The proposal by former President John Dramani Mahama to establish a 24-hour economy has sparked a thought-provoking conversation within Ghana’s political and economic circles. As we explore the nuances of the proposal, it becomes apparent that his inspiration is significantly drawn from successful global implementations, particularly in the UK and the US. These international models serve as compelling examples, illustrating the potential for economic growth, job creation, and heightened productivity associated with the 24-hour economy.
In the UK, the night-time economy has played a substantial role in bolstering economic robustness, contributing between £17.7 billion to £26.3 billion. This success story underscores the transformative impact that this policy can have on Ghana. London’s night-time economy has not only elevated economic metrics but has also generated hundreds of thousands of direct and indirect jobs. Similarly, in the US, nearly two out of every five employees operate within the 24-hour economy system, emphasising the widespread acceptance and integration of non-traditional working hours.
Despite the promise embedded in this vision, skepticism has arisen, particularly from opponents within the ruling New Patriotic Party (NPP), questioning the novelty of the proposal. Vice President Dr. Mahamudu Bawumia has pointed to existing 24-hour operations in certain Ghanaian sectors. This skepticism underscores the need for a meticulously crafted implementation plan, one that does not merely replicate existing practices but addresses sector-specific nuances to ensure the proposal’s genuine impact.
The role of civil society in shaping the narrative around the proposed 24-hour economy is crucial, and organisations such as Ghana Federation of Labour (GFL) have expressed support by highlighting potential benefits for their members and the broader community. This endorsement underscores the importance of a collaborative approach, echoing the inclusive models observed in successful economies globally.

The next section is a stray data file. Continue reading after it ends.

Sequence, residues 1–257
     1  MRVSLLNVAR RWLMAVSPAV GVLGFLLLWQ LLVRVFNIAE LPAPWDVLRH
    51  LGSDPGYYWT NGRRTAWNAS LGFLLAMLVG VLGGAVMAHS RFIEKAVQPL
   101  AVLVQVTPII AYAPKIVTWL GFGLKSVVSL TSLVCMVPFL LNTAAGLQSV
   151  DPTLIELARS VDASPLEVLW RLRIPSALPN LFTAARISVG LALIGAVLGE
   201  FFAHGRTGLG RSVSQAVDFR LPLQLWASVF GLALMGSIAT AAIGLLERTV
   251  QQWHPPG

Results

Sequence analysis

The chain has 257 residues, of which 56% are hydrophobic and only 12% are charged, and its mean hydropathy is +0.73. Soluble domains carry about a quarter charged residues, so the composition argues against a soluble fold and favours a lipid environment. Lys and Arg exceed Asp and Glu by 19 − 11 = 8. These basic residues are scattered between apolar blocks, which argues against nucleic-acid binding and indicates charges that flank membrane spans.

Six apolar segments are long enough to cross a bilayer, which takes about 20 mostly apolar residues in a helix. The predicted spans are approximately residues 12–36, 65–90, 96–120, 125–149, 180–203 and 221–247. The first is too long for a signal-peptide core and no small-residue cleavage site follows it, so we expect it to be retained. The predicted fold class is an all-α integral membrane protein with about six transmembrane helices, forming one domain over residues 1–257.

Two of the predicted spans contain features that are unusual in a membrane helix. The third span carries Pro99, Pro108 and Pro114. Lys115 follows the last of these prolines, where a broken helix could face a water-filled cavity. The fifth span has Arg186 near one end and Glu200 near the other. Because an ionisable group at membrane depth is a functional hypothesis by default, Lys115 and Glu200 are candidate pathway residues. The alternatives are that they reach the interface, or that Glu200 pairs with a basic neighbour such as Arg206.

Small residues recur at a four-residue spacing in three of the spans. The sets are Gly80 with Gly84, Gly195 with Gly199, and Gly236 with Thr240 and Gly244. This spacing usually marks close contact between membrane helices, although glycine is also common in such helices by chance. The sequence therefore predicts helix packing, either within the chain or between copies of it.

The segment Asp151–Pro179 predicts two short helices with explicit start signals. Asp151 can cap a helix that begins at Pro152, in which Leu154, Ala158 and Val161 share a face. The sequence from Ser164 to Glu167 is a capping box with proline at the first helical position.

Furthermore, the emphasis on a robust police service as a linchpin of the 24-hour economy strategy aligns with successful models seen in other nations. Practical examples from these countries highlight the crucial role of effective law enforcement during night-time operations. As Ghana evaluates the readiness of the Ghana Police Service to handle the demands associated with this shift, drawing from international best practices becomes not just an option but a necessity.
However, it is crucial to acknowledge potential challenges, such as the impact on workers’ health and family time. Striking a delicate balance between economic growth and social welfare is paramount. Drawing inspiration from social welfare models implemented globally, Ghana’s model should incorporate policies that prioritise the well-being of the workforce, ensuring sustainable economic development.
To effectively implement a 24-hour economy, practical pathways must be outlined, incorporating lessons learned from global models. This includes tailored sector-specific strategies, consultation with industry experts, and pilot programmes to test the viability of extended operating hours. Collaboration with businesses, civil society, and law enforcement agencies, as witnessed in successful global models, will be instrumental in ensuring a smooth transition.